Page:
It might be hard to find anyone who was awake and breathing near a television set this past week who didn't know at least something about Paris Hilton's on-again, off-again, on-again incarceration, or have an opinion about what happened.
From the fans and protestors who stood outside the courtroom, to the candidates on the presidential campaign trail, people were debating the case and what it means.
Democratic presidential candidate John Edwards, N.C., told reporters it pointed out the difference between class in America.
"I still believe, without regard to Paris Hilton, that we have two Americas," Edwards said.
Late night talk show host Jay Leno joked Hilton left jail with the one license plate she managed to finish, reading "DBL STNDRD."
The question over double standards for celebrities in trouble is still being hotly debated as Hilton's ordeal unfolds.
Sheriff Lee Baca, who let Hilton leave jail for house arrest, is being accused of playing nice with celebrities, while Judge Michael T. Sauer, who sent Hilton back, is said to be making an example of the heiress.
Village Voice gossip columnist Michael Musto said that when celebrities like Hilton face jail time, it magnifies their sense of privilege and people assume they are going to get better treatment than "mere mortals."
Elayne Rapping, a professor who studies pop culture, said Hilton has indeed managed to get away with a lot "because she can afford very expensive lawyers, and our society is increasingly permissive."
"If you are a celebrity, you can pretty much get away with anything and get off really easily," Rapping said. "It's a very very sick thing that most women of their age cannot do what they do and get away with it. ... There's such a double standard."
Gossip website TMZ reports Hilton, who is now confined to a mental health facility in Los Angeles, is "despondent" and "teetering on the brink" after her re-incarceration. Yet, even these sad details won't turn the public off to the starlet in the slammer.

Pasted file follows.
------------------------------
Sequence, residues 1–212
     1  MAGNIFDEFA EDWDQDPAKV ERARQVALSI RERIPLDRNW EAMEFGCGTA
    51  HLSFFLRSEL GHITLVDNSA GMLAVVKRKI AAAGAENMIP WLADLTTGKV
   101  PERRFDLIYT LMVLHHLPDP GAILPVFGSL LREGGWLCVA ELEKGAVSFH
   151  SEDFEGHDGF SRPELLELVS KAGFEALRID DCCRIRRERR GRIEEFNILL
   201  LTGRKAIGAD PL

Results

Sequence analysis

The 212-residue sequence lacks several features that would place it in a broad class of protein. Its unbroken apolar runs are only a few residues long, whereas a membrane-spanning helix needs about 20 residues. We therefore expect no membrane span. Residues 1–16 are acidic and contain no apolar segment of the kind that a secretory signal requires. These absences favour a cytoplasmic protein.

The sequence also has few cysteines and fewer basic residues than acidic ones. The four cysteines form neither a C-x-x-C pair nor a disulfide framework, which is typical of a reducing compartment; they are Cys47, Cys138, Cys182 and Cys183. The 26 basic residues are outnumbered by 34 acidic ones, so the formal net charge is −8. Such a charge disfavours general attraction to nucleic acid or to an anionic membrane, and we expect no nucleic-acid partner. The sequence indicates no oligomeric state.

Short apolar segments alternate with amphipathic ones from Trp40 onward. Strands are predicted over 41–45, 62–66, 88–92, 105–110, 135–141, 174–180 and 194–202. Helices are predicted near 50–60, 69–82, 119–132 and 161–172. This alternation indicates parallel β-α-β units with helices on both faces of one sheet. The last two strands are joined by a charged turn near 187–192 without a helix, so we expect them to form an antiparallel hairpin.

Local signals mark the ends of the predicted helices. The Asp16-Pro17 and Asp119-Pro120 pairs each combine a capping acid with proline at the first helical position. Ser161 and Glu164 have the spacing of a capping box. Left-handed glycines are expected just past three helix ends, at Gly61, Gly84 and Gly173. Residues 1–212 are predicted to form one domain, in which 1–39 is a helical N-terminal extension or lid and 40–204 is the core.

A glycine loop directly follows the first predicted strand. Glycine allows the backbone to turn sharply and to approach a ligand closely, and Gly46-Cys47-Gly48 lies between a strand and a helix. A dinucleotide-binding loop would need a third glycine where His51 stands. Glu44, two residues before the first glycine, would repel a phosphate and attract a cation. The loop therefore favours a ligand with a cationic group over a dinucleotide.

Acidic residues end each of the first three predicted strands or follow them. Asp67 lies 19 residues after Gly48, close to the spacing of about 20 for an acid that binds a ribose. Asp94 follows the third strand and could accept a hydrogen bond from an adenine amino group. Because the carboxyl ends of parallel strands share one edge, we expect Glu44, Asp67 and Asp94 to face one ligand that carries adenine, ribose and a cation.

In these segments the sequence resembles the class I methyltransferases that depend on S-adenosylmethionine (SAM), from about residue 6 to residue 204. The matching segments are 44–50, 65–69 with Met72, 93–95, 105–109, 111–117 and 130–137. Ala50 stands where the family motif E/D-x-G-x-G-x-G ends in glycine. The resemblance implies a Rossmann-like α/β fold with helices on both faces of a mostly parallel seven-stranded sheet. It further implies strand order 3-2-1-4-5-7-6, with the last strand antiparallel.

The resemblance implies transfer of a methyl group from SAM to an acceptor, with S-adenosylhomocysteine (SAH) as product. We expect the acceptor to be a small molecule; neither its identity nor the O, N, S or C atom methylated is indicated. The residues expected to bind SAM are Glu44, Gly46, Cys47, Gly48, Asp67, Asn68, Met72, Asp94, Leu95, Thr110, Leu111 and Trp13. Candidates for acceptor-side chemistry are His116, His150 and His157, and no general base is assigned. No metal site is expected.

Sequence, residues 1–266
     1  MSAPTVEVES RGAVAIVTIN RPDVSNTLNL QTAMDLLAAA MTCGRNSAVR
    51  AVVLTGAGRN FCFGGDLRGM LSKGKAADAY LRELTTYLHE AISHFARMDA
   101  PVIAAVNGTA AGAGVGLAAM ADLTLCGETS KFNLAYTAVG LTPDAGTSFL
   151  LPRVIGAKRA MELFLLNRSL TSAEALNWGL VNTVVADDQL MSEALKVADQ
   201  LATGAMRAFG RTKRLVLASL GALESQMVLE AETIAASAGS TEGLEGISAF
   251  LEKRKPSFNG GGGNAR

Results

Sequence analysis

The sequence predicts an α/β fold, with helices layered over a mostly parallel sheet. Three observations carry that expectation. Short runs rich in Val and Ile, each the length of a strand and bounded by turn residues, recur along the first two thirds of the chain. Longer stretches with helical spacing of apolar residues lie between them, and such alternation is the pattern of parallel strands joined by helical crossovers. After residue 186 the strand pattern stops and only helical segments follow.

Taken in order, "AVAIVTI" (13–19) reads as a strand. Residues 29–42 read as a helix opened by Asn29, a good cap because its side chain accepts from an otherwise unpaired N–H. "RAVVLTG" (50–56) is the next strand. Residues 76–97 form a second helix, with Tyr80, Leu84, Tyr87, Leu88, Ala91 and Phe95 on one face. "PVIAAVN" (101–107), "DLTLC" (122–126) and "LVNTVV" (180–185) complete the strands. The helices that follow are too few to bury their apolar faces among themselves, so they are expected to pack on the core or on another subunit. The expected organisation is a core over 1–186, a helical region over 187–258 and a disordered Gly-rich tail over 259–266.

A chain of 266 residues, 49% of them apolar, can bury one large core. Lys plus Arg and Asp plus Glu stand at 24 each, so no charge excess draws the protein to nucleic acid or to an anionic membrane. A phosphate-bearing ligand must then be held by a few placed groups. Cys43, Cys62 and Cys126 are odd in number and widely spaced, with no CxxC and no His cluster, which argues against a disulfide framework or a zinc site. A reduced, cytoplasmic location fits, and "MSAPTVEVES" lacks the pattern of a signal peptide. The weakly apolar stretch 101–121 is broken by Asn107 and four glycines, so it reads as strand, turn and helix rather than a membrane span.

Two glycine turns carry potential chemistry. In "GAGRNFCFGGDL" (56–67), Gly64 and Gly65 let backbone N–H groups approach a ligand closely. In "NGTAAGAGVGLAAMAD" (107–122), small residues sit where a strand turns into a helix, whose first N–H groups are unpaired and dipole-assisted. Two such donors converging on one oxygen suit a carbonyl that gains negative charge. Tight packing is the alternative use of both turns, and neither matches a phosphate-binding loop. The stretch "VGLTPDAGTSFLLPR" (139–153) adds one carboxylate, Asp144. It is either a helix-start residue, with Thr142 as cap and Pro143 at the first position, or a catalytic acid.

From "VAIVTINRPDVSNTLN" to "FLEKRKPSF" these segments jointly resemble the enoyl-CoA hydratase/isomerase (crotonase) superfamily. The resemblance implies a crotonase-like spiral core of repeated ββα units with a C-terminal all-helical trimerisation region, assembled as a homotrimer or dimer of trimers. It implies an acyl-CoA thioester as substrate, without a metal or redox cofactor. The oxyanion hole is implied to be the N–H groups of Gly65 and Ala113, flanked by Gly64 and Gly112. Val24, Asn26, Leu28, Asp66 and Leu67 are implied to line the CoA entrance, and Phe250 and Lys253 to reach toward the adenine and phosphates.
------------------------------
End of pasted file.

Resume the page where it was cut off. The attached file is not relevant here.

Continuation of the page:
"We love examining how their punishment coincides with their wealth and fame," Musto said.
Hilton might not be the only Hollywood princess to serve a sentence this summer. Her heiress buddy Nicole Richie is also due in court and could face up to a year behind bars over DUI and drug charges. And currently rehabbing Lindsay Lohan is likely to face charges after an accident led police allegedly to discover narcotics in her car.
"It seems like they haven't earned their stripes as a celebrity bad girl unless they've done jail or rehab or both," said Musto, who also speculated that most trouble equals more success as far as Hilton is concerned.
Rapping is concerned about the signal these jailbird divas will send to other young women.
"If the average young woman made sex videos about themselves, it would be porn, but these young women get away with it," Rapping said. "They are so admired and imitated, it may very well be that going to jail may become a badge of honor."
Los Angeles Psychiatrist David Paster says most adolescents who pay attention to celebrity behavior are likely to focus less on the fact that a celebrity is going to jail, and more on how they are handling their ordeal.
He advises celebrities who want to make a positive impact "to cooperate with the system, take your punishment, have it over with and go on with your life from there."
Perhaps it's good advice, but is Paris listening?